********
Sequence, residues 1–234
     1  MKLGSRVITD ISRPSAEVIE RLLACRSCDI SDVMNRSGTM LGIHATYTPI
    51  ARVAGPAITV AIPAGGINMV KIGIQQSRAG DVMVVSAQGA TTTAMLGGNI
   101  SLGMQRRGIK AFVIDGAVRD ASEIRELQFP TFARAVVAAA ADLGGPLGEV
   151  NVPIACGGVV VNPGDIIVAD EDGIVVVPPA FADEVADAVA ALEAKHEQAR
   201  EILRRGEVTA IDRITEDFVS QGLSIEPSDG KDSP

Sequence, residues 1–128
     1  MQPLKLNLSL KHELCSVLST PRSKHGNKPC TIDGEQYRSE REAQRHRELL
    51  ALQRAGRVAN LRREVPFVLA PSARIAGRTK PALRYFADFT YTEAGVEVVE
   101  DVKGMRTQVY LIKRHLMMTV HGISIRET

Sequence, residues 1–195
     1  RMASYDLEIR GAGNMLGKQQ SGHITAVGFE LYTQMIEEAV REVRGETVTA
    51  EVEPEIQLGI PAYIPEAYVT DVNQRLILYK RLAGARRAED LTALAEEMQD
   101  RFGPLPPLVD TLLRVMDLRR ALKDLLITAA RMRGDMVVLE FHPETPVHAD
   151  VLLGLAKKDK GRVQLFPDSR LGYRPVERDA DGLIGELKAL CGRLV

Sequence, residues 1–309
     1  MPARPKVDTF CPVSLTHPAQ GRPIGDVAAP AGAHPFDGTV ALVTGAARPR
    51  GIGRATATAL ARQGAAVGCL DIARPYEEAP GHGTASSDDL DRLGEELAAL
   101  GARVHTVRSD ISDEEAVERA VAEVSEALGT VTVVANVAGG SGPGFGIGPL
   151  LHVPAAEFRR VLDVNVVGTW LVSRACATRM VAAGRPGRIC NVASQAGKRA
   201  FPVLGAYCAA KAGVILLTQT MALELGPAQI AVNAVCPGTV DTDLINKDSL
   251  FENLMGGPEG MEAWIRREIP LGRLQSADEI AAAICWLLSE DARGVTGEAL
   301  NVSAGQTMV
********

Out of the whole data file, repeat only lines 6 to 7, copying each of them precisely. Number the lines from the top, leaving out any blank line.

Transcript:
   201  EILRRGEVTA IDRITEDFVS QGLSIEPSDG KDSP

Sequence, residues 1–128